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From Combat To College: UNLV Stepping Up Services To Assist Veterans, Military Members
From tuition assistance and campus training to on-site Veterans Administration support and specialized recruitment, UNLV is increasing its services for student veterans and active-duty personnel. UNLV was recently named a VetSuccess campus by the U.S. Department of Veterans Affairs and designated a military friendly school by G.I. Jobs Magazine for the fourth consecutive year.
An estimated 1,267 active duty, reservists, National Guard members, veterans and their dependents attend UNLV as of fall 2013. Of this, 916 have received tuition benefits from the Post 9/11 G.I. Bill.
“A million veterans are expected to return from serving in the military, many of whom are calling Southern Nevada home and are pursing educational goals,” said Ross Bryant, director of the UNLV Office of Veteran Services. “UNLV’s outreach to the growing military and veteran population and their families ensures their transition from combat to campus is as smooth as possible. We want to help all the veterans coming back and help heroes build their future.”
The UNLV Office of Veteran Services helps veterans, active duty military members and families successfully navigate the academic and administrative pathways of a college education. The office processes enrollment certification for students to receive their G.I. Bill. In addition, the office links students to financial aid resources, campus and community organizations and employment opportunities for veterans. The office also advises the UNLV Student Veterans Organization.
UNLV is among 62 new VetSuccess campuses designated by the U.S Department of Veterans Affairs (VA). Through VetSuccess, a VA employee is assigned to each school to ensure veterans’ health, education and VA benefits are met. Campuses are selected based on the size of their student veteran population among other factors. There are 94 VetSuccess campuses across the U.S.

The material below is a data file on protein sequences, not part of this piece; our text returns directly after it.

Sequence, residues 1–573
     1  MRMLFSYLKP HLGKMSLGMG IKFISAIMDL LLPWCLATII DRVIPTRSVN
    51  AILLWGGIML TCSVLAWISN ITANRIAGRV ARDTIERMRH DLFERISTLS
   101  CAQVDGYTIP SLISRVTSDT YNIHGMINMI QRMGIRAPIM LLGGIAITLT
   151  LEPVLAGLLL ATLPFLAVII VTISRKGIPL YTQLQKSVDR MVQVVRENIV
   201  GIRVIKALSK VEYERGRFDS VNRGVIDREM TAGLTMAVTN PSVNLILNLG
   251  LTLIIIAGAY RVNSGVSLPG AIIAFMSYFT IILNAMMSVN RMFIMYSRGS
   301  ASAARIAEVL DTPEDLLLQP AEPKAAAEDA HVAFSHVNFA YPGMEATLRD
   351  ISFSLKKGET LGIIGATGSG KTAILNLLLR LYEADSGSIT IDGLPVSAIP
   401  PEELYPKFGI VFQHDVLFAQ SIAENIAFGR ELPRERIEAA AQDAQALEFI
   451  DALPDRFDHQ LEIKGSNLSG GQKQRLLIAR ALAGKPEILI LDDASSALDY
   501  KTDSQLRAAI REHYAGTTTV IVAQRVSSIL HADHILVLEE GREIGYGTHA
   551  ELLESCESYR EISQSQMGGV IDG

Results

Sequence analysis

The UNLV Office of Veterans Services launched recruitment visits this fall at military bases across the region and in Las Vegas to recruit students. After a five-year hiatus, UNLV has returned to Nellis Air Force base to recruit active duty military and their families and the university plans to restart undergraduate classes beginning summer or fall 2014. A UNLV advisor is at the base every week to provide information about the university and admissions process.
In September 2013, UNLV was named a military friendly school for the fourth consecutive year by G.I. Jobs, a magazine for military personnel transitioning into civilian life. The 2014 Military Friendly Schools List honors the top 15 percent of colleges, universities and trade schools that embrace America’s military service members, veterans and spouses. The list includes a survey of more than 3,000 student veterans from schools approved by the U.S. Department of Veterans Affairs who provided feedback on their college experiences.
UNLV also made the 2014 list of top military friendly colleges and universities in the publication Military Advanced Education. The list of schools will be published in the December magazine.
The Nevada Legislature approved Assembly Bill 260 during the 2013 legislative session, which grants Nevada residency to all veterans who were honorably discharged within two years of separation. This helps military service-members with the cost of tuition and fees at UNLV. They can now get the Nevada resident rate instead of paying the out-of-resident rate.
UNLV also participates in the Yellow Ribbon Program. For veterans and their family members who do not meet Nevada’s in-state residency requirements, the Yellow Ribbon Fund is available to help cover the costs. The Yellow Ribbon Fund is a federal program, which provides matching funds up to $100,000 per year, with 100 percent of all proceeds going to student veterans. It is designed to assist returning veterans with a financial grant to pay expenses not covered by the G.I. Bill.
Working with the Yellow Ribbon Foundation, the UNLV Office of Veterans Services raised $42,000 in private donations for the 2013-2014 academic year. With VA matching funds, the office has $84,000 in the UNLV Yellow Ribbon fund, which is a key safety net to assist those veterans and military family members who do not qualify for the new Nevada residency law.
The UNLV Office of Veteran Services hosts monthly on-campus trainings for UNLV faculty and staff to help the UNLV community understand the needs and challenges of student veterans. The one-hour training provides an overview about resources available on campus so employees can connect student veterans to the appropriate departments. About 200 faculty and staff members have received the training.
The UNLV Office of Veteran Services and UNLV Student Veterans Organization will organize an annual Walk to Remember event honoring those serving and to honor soldiers who have died on Wed., Nov. 13, 6 a.m. to 2 p.m. at UNLV’s Pida Plaza in front of the student union. It is free and open to the public. More information on the walk is available on the UNLV website.
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